PIcture Source: The University of Utah: http://epubs.utah.edu/index.php/open

PIcture Source: The University of Utah: http://epubs.utah.edu/index.php/open

  • What is open research?
  • In what ways can research be open?
  • What do we mean by open in this context?
  • When is it appropriate for research to be open?
  • What does researching openly involve and what makes open research possible?
  • What are the benefits of open research?
  • What kinds of challenges might a researcher face when researching in the open?

Whilst researching in the open can be an enabler (blogging your research findings can potentially reach a wider audience, more quickly, than via the traditional paper publishing route; see for example one of Martin Weller’s “open scholarship example[s]“) it also has potential challenges (particularly ethical issues) that researchers might face or need to consider.

We’ll be exploring some of these issues and the questions above during a four week facilitated course on open research that we’re planning for June 2014. The focus of the course won’t be the OER Research Hub project as such (although we will be using our own context as an example). Instead we’ll be looking at the kind of open research practices we’ve utilised and how you can apply them to your own context.  In conjunction with the course we’ll be releasing the remainder of our research instruments (e.g. interview and survey question banks, consent forms, a final version of the ethics manual etc.). These instruments are/will be available on a CC-BY license via our website.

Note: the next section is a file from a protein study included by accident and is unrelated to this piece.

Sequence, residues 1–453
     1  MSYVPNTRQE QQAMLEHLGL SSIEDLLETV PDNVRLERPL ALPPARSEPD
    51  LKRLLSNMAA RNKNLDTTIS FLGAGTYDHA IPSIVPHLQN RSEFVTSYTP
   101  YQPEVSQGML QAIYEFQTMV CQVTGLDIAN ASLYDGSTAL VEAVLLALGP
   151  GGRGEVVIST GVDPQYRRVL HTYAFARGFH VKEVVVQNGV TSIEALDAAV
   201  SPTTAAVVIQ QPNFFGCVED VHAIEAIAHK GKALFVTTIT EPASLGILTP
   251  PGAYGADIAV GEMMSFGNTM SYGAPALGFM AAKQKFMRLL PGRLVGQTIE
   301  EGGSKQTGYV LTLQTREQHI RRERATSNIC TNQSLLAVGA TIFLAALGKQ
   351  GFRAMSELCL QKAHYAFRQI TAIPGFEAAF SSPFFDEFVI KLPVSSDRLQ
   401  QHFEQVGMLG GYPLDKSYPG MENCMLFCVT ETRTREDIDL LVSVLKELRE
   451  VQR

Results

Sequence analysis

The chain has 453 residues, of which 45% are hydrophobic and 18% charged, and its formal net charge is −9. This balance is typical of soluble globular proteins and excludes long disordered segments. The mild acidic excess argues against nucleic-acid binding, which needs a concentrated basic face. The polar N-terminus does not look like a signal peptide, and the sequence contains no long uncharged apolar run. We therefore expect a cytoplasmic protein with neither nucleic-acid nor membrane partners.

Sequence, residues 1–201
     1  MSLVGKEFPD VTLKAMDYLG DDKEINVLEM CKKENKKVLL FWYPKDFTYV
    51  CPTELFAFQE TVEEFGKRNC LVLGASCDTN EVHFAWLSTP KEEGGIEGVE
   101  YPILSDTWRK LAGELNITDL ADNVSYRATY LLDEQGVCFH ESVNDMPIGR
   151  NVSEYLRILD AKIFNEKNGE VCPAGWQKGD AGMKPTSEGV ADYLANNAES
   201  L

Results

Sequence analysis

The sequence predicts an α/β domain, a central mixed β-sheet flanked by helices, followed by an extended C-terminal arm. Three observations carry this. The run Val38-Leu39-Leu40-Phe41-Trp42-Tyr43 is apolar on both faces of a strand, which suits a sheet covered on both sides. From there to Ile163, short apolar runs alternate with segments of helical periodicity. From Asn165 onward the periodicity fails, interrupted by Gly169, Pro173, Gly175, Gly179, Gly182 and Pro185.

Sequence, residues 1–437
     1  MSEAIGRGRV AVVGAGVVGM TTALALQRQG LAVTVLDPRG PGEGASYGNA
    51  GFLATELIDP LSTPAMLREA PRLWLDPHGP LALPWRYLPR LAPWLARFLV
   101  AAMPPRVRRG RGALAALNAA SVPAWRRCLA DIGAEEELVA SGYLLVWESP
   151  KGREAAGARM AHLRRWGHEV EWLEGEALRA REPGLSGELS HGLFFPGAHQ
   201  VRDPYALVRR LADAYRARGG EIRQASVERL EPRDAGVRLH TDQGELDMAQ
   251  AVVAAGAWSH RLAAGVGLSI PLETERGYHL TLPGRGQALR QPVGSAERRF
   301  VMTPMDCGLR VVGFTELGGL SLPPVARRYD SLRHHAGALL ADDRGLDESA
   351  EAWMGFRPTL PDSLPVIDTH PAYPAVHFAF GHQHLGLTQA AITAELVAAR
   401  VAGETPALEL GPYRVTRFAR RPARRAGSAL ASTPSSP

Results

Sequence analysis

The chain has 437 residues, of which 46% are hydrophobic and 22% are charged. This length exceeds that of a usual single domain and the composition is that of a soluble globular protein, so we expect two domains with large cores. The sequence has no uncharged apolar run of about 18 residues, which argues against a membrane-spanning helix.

Our course will be hosted by School of Open (SOO), who we’ve been working with over the past year to find out more about the impact of their courses. A stand-alone version of the course will also be made available during Summer 2014.

Our Focus 

Whilst we’ve been working on the course our guiding question has always been: where does openness make a difference to the research process?  As part of this ongoing discussion, we’ve needed to closely examine our own practices; reflecting on what impact (intended or otherwise) open has had. Consequently, we’ll be kicking off the four week course with an exploration of what it means to research “openly” and where “openness” can be applied to the research process. We’ll then examine three areas where we think openness makes a real difference: reflection/evaluation, ethics and dissemination.

I’ll be blogging again very soon with more on how you can sign-up for the course and what we’ll be covering each week. Watch this space!